The need for postsecondary institutions to field highly successful and revenue-generating athletic programs is well documented. Postsecondary institutions need successful athletic programs to both legitimize university status and to be an additional revenue stream for the university.
The support of athletic programs through institutional subsidies and student fees is also well-documented, by organizations such as the Knight Commission on Intercollegiate Athletics and the Delta Cost Project; however, few have attempted to quantify levels of efficiency within athletic departments – both at the departmental and sport levels.
Trending Total Athletic Expenditures and Athletic Success
Annually the National Association of Collegiate Directors of Athletics (NACDA) awards athletic departments points as part of the Learfield Sports Directors’ Cup. The Directors’ Cup represents a measure of entire athletic departmental performance, and awards athletic departments points for both sport sponsorship and athletic performance. The Directors’ Cup represents the most recognizable and accepted measure of athletic departments.
The graph above uses a quadratic form to plot performance on the Directors’ Cup by total athletic expenditures (in 10,000s). Data illustrates that there appears to be a diminishing return as an athletic department approaches the top 10th percentile in spending. Within the middle of the distribution, there appears to be consistent returns on investments (in terms of athletic performance). This return is directly related to the additional sponsorship and support of more athletic programs.
Measuring Conference Efficiency
Traditional measures of the athletic department efficiency rest with the comparison on marginal costs for increases in athletic performance. Using this framework (Table 1 – below), the Pacific-12 Conference had the lowest marginal costs associated with Directors’ Cup performance at $104,800 per Directors’ Cup point. The Mid-American Conference has the largest marginal costs for each Directors’ Cup point at almost 4x that of the Pacific-12 Conference – $380,300. The Mountain West was the highest-performing non-BCS conference, costing approximately $90,000 more in expenditures than the Pac-12 conference.
|FBS Conference||Average Marginal Cost|
|Atlantic Coast Conference||$107,400|
|Big Ten Conference||$120,500|
|Big 12 Conference||$135,900|
|Mountain West Conference||$195,900|
|Big East Conference||$207,700|
|Western Athletic Conference||$303,000|
|Sun Belt Conference||$305,800|
While marginal costs provide a good initial barometer for efficiency, there are additional factors that impact performance on the Directors’ Cup. The following table provides the average technical efficiency (see methodological note for information on the estimation parameters) for FBS conference between 2008 and 2011. The utilization of four years allows for efficiency estimates to control for abnormal years of success or “down” years.
Accounting for factors such as conference membership, sport sponsorship, institutional type and support, and athletic resource allocation, the table below provides the average technical efficiency (explanation of technical efficiency within the methodological note) by conference. In this case, the Big Ten represents the most efficient conference, followed closely by the Pac-12, SEC, and Big 12 Conference. The Atlantic Coast Conference is the least efficient of all BCS conferences. While the Mountain West Conference had the lowest marginal costs of non-BCS conferences, the Sun Belt Conference had the highest technical efficiency of non-BCS conferences.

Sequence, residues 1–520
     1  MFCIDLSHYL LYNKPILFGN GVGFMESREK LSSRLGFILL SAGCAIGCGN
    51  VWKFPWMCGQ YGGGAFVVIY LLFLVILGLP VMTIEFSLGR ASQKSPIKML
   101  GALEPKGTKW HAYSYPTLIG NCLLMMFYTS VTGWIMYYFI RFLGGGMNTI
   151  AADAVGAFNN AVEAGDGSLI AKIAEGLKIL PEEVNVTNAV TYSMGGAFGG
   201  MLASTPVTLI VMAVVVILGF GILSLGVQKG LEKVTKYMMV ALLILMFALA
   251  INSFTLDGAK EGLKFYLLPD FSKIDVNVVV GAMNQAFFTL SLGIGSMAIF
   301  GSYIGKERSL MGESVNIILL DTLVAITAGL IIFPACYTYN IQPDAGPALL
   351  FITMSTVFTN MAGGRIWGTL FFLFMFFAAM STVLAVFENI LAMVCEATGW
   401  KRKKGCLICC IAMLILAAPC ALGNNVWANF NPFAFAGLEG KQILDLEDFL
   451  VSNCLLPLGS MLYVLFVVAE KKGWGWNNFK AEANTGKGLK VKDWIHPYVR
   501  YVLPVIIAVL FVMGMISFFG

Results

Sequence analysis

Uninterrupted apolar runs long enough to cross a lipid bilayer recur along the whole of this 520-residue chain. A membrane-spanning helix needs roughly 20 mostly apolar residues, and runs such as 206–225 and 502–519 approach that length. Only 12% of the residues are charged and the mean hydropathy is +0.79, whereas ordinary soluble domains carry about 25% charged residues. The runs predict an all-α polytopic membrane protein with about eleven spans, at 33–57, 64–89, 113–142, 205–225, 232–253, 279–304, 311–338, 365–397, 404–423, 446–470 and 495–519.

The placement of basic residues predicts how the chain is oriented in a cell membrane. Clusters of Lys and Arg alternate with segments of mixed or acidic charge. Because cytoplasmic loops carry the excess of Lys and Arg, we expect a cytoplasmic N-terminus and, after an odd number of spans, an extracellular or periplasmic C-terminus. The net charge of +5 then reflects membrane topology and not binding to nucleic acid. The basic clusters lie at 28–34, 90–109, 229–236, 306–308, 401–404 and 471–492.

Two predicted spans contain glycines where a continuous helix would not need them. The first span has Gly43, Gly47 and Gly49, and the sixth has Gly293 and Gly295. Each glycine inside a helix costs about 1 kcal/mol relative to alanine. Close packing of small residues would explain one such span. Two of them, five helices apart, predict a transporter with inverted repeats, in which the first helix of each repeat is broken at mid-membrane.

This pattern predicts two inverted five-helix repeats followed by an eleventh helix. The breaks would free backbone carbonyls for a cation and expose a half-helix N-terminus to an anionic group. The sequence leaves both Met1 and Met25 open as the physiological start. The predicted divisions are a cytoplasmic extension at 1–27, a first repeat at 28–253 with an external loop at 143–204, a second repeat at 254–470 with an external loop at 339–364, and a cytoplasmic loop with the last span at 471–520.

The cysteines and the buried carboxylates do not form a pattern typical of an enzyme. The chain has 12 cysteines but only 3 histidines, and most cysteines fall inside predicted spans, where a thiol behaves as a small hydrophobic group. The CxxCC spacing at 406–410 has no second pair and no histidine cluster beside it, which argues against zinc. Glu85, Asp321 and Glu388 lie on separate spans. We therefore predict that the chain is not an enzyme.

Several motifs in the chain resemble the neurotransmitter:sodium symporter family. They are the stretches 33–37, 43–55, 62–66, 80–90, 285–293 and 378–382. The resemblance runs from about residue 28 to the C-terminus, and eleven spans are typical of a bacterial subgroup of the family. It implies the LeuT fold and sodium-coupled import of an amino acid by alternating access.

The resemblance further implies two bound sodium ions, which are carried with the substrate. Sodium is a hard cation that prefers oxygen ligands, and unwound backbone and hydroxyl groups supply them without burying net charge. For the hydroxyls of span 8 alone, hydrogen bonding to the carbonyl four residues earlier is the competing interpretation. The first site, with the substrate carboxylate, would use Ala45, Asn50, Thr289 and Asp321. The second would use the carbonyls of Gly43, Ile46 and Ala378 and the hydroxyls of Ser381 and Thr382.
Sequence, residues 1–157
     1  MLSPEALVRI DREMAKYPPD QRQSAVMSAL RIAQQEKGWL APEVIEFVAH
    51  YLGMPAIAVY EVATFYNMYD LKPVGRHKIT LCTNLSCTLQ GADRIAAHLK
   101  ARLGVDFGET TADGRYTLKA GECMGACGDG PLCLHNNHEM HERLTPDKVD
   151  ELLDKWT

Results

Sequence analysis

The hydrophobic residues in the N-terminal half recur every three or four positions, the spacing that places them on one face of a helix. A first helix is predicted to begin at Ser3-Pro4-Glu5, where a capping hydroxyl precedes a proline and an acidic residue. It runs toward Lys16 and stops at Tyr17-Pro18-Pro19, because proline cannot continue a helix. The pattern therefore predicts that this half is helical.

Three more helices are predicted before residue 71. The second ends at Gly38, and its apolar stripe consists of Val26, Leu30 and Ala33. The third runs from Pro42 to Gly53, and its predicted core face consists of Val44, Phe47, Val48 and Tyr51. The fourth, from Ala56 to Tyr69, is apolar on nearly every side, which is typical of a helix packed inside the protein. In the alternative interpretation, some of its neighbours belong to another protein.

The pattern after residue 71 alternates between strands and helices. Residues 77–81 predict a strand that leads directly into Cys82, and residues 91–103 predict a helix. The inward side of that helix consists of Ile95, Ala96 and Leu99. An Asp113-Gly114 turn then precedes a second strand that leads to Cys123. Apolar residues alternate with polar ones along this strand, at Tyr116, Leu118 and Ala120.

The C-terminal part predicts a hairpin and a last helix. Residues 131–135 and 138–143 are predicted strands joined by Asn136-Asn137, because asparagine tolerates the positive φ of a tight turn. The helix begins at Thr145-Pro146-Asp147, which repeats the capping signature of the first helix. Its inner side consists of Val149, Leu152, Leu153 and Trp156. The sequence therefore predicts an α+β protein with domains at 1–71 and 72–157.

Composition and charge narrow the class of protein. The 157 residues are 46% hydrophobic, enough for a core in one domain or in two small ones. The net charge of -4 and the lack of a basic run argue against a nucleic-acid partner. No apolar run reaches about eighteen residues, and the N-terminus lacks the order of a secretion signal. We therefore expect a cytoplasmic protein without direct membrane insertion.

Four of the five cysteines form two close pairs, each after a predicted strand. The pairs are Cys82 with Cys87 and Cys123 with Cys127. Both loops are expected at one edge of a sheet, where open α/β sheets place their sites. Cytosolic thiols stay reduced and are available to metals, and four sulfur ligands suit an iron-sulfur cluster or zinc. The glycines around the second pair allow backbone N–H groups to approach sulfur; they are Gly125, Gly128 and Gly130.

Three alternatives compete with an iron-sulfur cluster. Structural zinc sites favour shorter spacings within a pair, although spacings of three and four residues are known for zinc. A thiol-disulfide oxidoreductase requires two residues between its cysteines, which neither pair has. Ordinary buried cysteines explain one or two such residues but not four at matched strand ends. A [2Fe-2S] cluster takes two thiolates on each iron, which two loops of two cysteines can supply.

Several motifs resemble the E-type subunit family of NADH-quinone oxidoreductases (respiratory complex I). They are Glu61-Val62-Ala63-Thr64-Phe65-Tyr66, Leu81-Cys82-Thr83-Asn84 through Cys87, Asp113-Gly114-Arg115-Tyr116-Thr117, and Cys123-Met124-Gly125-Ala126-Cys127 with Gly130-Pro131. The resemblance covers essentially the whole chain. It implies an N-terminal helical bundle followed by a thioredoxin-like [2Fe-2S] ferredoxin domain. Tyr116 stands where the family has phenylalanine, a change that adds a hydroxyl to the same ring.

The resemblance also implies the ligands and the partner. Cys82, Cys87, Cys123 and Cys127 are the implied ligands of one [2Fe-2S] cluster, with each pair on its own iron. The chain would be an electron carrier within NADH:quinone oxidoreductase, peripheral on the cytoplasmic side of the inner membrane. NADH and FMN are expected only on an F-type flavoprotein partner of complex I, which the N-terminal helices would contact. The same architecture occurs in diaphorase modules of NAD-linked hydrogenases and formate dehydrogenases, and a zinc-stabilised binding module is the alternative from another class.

|FBS Conference||Average Technical Efficiency|
|Big Ten Conference||82.32%|
|Big 12 Conference||79.97%|
|Sun Belt Conference||77.94%|
|Atlantic Coast Conference||73.85%|
|Western Athletic Conference||72.12%|
|Mountain West Conference||68.91%|
|Big East Conference||67.21%|
Redefining the Directors’ Cup Methodology
The major drawback with using the Directors’ Cup as a measure of institutional and conference athletic success is that the current calculation assumes all sports are equal. When using economic efficiency models, it is important to embed organizational priorities within resource allocations. Using sport-level expenditure data, we developed a weighted calculation using the proportion of athletic budgets allocated to each sport as a measure of priority and prominence. This weighting approach provides additional value to sports whose expenditures are greater within a school, directly proportional to dollars spent.
By using a dollars spent calculation, it allows for efficiency arguments to be articulated systematically. Institutions are given increased points for sports that have invested more into their operation. In most cases, men’s football and men’s basketball are the two most weighted sports; however, no athletic departments have the same weighting structure.
For example, the University of Texas’s football program has a weight of 0.1860 compared to 0.3207 at Ohio State University. This places higher expectations for athletic performance on the football program at Ohio State, since it comprises 32% of their adjusted Directors’ Cup rather than less than 10% within the original weighting. The impact of using the adjusted approach can be seen at athletic departments such as the University of Kentucky where their weight for football performance is nearly the same as their men’s basketball performance (0.16 compared to 0.15). For Kentucky, their basketball performance weight is 2x greater than the FBS average.